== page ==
We take a look at some of the ways procurement professionals should manage, and negotiate with, their long-term suppliers when things get tricky…
Nobody said it was going to be easy. Building and, most importantly, maintaining good supplier relationships takes hard work, commitment and focus. And the longer they last, the more they require this careful nurturing to keep the love alive and the flame burning.
But what happens when one half of the partnership doesn’t hold up their end of the deal; taking advantage of a long-term contract or a presumed arrangement which has started to have a negative impact on your organisation?
What do you do when a change of circumstance means you want to re-negotiate your terms?
How do you get yourself out of an undesirable, self-destructive partnership when to change things up could be costly and difficult to implement?
We joined a recent Negotiation Roundtable organized by CABL (Conti Advanced Business Learning), a firm that specialises in Negotiation & Influencing, on the topic of long-term negotiations. We wanted to hear advice from a number of procurement and sales leaders on how to manage those long term supplier relationships.
Giuseppe Conti, the founder of CABL, introduced the subject by highlighting that in long-term relationships there is a risk that one of the two parties take advantage of the situation. He then led the group to discuss a number of different ways for procurement professionals to manage, and negotiate with, suppliers when things get tricky.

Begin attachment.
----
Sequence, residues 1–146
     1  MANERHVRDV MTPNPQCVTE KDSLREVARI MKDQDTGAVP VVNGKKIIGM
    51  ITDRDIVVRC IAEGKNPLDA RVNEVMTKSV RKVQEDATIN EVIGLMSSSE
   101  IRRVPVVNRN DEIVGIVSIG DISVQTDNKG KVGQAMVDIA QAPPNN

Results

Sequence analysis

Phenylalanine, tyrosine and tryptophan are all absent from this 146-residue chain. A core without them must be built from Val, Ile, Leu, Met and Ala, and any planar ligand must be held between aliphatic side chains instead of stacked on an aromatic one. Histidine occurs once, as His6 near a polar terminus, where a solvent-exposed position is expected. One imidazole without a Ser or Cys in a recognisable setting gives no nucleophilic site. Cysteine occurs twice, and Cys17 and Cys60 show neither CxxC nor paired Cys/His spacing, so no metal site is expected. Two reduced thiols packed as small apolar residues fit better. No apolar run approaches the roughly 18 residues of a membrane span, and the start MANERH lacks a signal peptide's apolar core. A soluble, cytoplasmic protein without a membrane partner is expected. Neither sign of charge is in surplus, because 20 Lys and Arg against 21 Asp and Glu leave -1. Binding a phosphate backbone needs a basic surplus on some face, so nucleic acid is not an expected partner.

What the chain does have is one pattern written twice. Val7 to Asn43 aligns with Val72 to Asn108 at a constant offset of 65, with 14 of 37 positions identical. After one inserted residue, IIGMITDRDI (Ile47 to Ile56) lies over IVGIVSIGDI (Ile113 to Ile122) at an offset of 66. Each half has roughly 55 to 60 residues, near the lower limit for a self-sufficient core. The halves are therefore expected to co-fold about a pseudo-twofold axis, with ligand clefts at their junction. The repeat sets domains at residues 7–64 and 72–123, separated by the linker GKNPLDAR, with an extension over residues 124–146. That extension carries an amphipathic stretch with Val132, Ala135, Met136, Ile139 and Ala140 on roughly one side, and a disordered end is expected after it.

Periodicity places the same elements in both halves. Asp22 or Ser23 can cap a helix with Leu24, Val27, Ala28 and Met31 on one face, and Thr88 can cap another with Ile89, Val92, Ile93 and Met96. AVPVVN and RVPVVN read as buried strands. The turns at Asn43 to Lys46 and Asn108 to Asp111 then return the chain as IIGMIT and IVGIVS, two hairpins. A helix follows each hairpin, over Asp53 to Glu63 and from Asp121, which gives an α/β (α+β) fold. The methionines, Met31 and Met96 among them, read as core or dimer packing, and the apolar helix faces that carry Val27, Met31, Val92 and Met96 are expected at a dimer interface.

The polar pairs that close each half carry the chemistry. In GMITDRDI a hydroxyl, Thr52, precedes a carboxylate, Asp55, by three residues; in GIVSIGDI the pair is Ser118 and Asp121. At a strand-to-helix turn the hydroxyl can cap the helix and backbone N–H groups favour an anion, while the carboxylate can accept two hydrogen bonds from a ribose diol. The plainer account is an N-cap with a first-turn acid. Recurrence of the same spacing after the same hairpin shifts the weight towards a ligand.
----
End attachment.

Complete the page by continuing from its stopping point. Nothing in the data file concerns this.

Look below the iceberg
For procurement professionals, this is a tale as old as time – how do you manage a supplier who increases prices without warning, when you were under the impression that you had a long-term agreement. Do you cut and run?
“That depends entirely” argues Laurence Pérot, Global Supply Chain Procurement Head at Logitech, “on the nature and origin of your relationship with that supplier.
“You need to consider how you selected them in the first place. Was there a good cultural fit, what drew your organisation to them? Cost reduction is just the tip of the iceberg.”.
According to Xinjian Carlier Fu, Sourcing Leader at Honeywell, “If you can satisfy all the elements beneath the surface (i.e. risk reduction, security, protecting margins and personal requirements) you will have a much more effective negotiation.”
Believe that you have the power
It’s easy to be intimidated by suppliers who seem to be calling all the shots in your relationship. Xinjian Carlier Fu believes it’s important to have confidence in your own procurement power. “Don’t be afraid of [your supplier] relationship. They might seem dominating and intimidating but I like to use the analogy of David and Goliath.
“Procurement professionals should think of themselves as David. Don’t underestimate your influence or give up hope for your organisation. You do have negotiation power. Don’t give up hope.”
“Unfortunately not every supplier is willing to work with you in a partnership. Sometimes not all parties are considered equal,” explains Guillaume Leopold, Former CPO at Coty.
Look for a win-win